Dangal


Dangal’ is a biopic starring Aamir Khan, Sakshi Tanwar, Sanya Malhotra, Fatima Sana Sheikh Suhani Bhatnagar, Zaira Wasim Ritvik Sahore, Girish Kulkarni, Aparshakti Khurrana and Vivian Bhatena. The sports drama, directed by Nitish Tiwari, tells the story of former wrestling champion Mahavir Singh Phogat, who trains his daughters, Geeta and Babita as world class wrestlers who bring laurels to the country.

Mahavir Singh Phogat hails from Haryan’s Balali and is a national champion in wrestling, but is forced to quit the sport due to financial pressure and his dream of winning a gold for the country remains incomplete. But he is hopeful that his son will fulfil his desire of bringing a gold medal for the nation. However, his wife Daya (Sakshi Tanwar) gives birth to four girls and he finds his hopes shattered. But one day Mahavir learns that his two elder daughters Geeta (Zaira Wasim) and Babita (Suhani Bhatnagar) have beaten up some neighbourhood bullies which makes him realise that these two girls have it in them. Gold is gold and it doesn’t matter whether a son or daughter wins it, he says and begins training his initially reluctant daughters. But they soon get into the groove and become proficient in the sport, but Mahavir’s battle is far from over as he has to fight the prejudice that girls are not meant to wrestle. So, Geeta and Babita have to settle for grappling with boys, beating the best trained men and finally winning at the international arena, their strict and stubborn, yet sensitive and supportive father looking over them throughout. In between, differences also crop up between Mahavir and his daughter Geeta (Fatima), which hurts the father while affecting her performance inside the arena.   

Geeta and Babita Kumari’s accomplishments in the sport is well known, and so the movie doesn’t provide any surprise elements. But it brings to light what hardships and obstacles the girls and their father had to face, like going against societal norms and breaking preconceived notions that wrestling is only for men. It also touches upon the apathy of administration towards the sport and the attitude of wrestling federations, but subtly, primarily focussing on the father-daughters’ journey and their emotional turmoil. The movie carries a strong message about the conservative society’s obsession for male child and biased treatment between sons and daughters. Narrated from the stand point of Mahavir’s nephew Omkar (Aparshakti Khurrana), his voiceover brings in the humour in the movie, as he too as a child had to undergo training with his cousins and their ‘haanikarak bapu’. The film also leaves one with a patriotic feeling, especially when the National Anthem plays.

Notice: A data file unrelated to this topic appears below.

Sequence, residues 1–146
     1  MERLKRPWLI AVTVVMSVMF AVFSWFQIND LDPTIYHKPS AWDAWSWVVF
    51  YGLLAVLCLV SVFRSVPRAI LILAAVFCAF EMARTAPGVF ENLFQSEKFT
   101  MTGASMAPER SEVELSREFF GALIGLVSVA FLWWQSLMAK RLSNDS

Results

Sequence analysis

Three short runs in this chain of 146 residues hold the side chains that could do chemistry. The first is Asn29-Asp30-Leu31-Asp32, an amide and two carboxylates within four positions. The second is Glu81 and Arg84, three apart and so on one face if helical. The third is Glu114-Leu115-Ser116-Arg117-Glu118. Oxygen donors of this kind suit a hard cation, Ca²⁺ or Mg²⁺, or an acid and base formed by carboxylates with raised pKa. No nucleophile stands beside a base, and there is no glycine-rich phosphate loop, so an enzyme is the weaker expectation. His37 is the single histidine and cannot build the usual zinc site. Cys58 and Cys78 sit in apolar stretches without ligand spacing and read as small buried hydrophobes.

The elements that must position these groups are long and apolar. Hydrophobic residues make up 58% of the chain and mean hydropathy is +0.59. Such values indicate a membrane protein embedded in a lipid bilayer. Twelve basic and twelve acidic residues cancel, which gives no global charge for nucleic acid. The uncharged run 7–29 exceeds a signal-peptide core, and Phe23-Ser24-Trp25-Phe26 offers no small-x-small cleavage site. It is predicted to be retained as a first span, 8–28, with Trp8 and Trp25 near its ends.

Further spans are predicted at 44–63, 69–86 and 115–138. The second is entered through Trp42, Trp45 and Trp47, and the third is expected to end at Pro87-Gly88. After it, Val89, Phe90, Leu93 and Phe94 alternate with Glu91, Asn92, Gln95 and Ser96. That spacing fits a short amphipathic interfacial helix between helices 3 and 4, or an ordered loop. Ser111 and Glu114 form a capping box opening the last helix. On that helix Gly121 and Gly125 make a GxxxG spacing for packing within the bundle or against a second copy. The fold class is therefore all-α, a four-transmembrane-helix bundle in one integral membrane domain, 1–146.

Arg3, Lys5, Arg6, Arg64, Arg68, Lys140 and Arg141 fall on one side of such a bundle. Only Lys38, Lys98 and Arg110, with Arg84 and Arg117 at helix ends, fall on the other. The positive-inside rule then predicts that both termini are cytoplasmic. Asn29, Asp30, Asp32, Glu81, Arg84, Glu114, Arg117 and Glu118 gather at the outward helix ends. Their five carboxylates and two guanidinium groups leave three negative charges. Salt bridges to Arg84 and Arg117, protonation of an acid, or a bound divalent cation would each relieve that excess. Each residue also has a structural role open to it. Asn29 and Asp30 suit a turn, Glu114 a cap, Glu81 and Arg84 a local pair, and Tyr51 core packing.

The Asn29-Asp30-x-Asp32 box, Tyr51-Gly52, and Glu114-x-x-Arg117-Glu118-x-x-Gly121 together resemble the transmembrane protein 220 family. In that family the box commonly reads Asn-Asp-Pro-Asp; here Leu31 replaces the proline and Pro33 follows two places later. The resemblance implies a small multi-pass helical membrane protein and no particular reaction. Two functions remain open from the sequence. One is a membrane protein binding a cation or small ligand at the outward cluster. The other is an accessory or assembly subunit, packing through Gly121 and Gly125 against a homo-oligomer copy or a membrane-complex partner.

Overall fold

As for the performances, Aamir Khan has put in his blood and sweat to play his character and has done complete justice. He is not called Mr. Perfectionist for nothing. His Haryanvi accent is also spot on, and is great as the ageing, emotional father. His dratic transformation for the role has been much-talked-about. Newcomer Fatima as the grown up Geeta is also very impressive. She has a lot of wrestling sequences which she pulls off with ease. These scenes are well-choreographed and look realistic. Sanya, who plays the grown-up version of Babita, doesn’t get much to do, but makes her presence felt, and very well at that. Even Zaira and Suhani, along with Ritvik Sahore, who plays the younger version of Omkar, hold their own amidst a big star like Aamir Khan. Sakshi Tanwar is also a perfect fit for her role and she emotes very well.

At 20-minutes-less-than-three-hours, ‘Dangal’ may seem long, but it is a well-packaged film and keeps the audience engaged right from the start to its end. Undoubtedly, one of the best films of the year, and perhaps Aamir’s best performance ever.